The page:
As we have said several times, application performance and security are two sides of the same coin. The week before Christmas was an interesting one. Target admitted that hackers had stolen 40 million credit and debit card numbers. To date, they have not been particularly forthcoming as to how this attack occurred. The notice posted said the issue has been “resolved.” That might mean they have fixed their security vulnerability, but so far there is no resolution for the 40 million card holders who have to replace their cards, something which costs the banks $5 apiece.
It seems that Target found the problem after bank customers reported unauthorized charges on their cards. The common element among these cardholders was that they had all shopped at Target (Who has not shopped at Target?).
The stolen cards were used at point-of-sale (POS) terminals (cash registers) as opposed to the online store. You might conclude that this data was stolen from a database instead of from the terminals, because it would be impossible for thieves to replace the genuine card readers with hacked ones at so many terminals or tap into the near field communications radio signals used by digital wallet apps so many times.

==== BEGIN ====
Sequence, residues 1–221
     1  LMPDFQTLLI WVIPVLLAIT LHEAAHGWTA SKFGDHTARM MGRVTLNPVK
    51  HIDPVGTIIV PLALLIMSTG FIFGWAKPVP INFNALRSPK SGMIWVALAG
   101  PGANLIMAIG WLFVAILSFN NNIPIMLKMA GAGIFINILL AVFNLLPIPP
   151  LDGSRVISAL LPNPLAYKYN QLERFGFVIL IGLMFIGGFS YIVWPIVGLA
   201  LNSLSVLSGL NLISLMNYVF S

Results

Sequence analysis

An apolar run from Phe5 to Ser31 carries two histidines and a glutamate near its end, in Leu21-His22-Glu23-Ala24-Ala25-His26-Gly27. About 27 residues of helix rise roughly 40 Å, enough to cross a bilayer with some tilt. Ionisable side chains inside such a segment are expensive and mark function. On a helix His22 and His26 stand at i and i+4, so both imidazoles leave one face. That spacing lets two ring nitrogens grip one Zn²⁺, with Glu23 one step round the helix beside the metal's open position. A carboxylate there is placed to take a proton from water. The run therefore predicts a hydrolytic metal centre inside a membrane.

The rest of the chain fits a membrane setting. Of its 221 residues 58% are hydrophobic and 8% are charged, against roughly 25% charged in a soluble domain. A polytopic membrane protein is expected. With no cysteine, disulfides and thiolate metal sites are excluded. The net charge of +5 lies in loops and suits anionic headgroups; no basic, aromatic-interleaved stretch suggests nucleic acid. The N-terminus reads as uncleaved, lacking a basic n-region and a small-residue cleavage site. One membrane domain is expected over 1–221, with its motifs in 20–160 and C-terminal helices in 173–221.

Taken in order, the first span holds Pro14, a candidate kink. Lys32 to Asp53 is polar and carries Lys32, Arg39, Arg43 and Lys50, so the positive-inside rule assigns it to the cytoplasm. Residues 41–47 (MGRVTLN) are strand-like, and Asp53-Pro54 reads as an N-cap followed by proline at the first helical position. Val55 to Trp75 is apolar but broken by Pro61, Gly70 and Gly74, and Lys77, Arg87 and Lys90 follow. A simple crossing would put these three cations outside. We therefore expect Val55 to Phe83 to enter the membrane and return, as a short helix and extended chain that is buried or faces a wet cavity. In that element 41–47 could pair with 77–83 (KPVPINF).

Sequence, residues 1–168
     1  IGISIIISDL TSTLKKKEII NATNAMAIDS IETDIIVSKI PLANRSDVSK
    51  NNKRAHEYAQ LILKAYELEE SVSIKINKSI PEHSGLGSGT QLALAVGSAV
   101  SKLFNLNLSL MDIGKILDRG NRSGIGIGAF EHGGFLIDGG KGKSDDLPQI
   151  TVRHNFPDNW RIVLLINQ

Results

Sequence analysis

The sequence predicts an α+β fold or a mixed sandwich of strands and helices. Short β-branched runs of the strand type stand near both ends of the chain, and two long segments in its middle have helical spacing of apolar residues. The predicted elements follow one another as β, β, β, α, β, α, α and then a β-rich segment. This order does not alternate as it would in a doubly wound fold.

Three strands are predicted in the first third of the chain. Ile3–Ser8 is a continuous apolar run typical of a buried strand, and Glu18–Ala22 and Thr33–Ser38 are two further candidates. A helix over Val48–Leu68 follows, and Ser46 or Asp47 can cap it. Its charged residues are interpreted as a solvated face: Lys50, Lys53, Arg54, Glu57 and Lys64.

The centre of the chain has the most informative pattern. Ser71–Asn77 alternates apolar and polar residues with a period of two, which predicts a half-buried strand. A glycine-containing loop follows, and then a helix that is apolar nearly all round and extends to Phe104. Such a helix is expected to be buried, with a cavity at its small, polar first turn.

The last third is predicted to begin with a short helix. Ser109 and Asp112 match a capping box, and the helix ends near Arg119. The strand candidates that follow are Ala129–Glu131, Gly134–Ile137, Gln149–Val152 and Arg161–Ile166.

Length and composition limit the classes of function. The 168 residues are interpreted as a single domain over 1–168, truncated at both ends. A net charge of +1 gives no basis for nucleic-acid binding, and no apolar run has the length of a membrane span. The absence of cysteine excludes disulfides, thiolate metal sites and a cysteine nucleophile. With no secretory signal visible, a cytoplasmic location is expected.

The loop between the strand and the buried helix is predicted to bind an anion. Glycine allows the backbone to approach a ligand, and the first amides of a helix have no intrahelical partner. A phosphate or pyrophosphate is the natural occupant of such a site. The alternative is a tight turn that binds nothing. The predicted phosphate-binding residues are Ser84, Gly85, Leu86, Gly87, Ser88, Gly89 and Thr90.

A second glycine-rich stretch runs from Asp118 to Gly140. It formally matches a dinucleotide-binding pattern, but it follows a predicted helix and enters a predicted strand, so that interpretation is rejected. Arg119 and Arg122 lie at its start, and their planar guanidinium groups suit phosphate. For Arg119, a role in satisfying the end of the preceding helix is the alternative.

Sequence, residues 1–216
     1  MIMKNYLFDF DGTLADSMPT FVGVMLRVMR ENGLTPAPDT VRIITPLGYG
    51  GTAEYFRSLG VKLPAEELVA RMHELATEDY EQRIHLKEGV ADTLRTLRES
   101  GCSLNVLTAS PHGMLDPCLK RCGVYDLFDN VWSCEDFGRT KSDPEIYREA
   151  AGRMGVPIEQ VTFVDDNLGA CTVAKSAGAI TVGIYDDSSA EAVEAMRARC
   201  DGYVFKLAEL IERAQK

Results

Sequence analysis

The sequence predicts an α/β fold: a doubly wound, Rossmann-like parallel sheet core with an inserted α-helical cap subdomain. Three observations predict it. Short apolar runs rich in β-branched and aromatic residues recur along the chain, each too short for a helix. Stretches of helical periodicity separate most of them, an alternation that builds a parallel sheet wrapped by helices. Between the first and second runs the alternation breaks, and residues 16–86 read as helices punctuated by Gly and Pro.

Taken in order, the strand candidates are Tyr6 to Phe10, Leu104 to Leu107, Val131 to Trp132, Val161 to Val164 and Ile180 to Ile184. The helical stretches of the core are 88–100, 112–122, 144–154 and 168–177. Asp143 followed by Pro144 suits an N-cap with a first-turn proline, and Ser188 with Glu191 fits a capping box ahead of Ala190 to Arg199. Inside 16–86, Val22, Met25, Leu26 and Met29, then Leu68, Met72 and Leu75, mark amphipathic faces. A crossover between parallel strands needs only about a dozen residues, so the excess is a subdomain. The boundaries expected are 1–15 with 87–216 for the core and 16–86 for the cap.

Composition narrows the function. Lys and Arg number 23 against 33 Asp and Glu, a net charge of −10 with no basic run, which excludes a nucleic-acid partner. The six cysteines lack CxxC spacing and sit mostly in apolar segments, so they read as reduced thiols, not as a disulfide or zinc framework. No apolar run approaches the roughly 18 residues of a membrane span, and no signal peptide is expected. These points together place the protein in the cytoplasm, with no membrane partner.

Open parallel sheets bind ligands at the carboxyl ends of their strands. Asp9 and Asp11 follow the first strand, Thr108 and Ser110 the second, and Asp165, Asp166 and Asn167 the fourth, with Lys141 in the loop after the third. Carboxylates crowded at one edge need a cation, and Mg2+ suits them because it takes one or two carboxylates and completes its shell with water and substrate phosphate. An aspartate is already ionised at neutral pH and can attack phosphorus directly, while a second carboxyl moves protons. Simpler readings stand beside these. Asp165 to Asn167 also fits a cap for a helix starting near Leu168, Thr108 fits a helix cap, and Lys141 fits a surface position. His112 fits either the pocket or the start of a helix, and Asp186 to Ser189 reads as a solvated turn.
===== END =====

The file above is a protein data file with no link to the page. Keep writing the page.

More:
Experts say that security researchers and law enforcement were put on notice when a large batch of new cards showed up on the criminal market. Stolen cards can be sold for up to 100 USD each.
Debit cards cannot be used without the pin. Target should have the pin data. Only the cardholder and the card processor (MasterCard, Visa) know the pin. Why don’t credit card companies adopt a pin as well, you may ask? That would in one fell swoop reduce their value to thieves.
Something to consider in the New Year.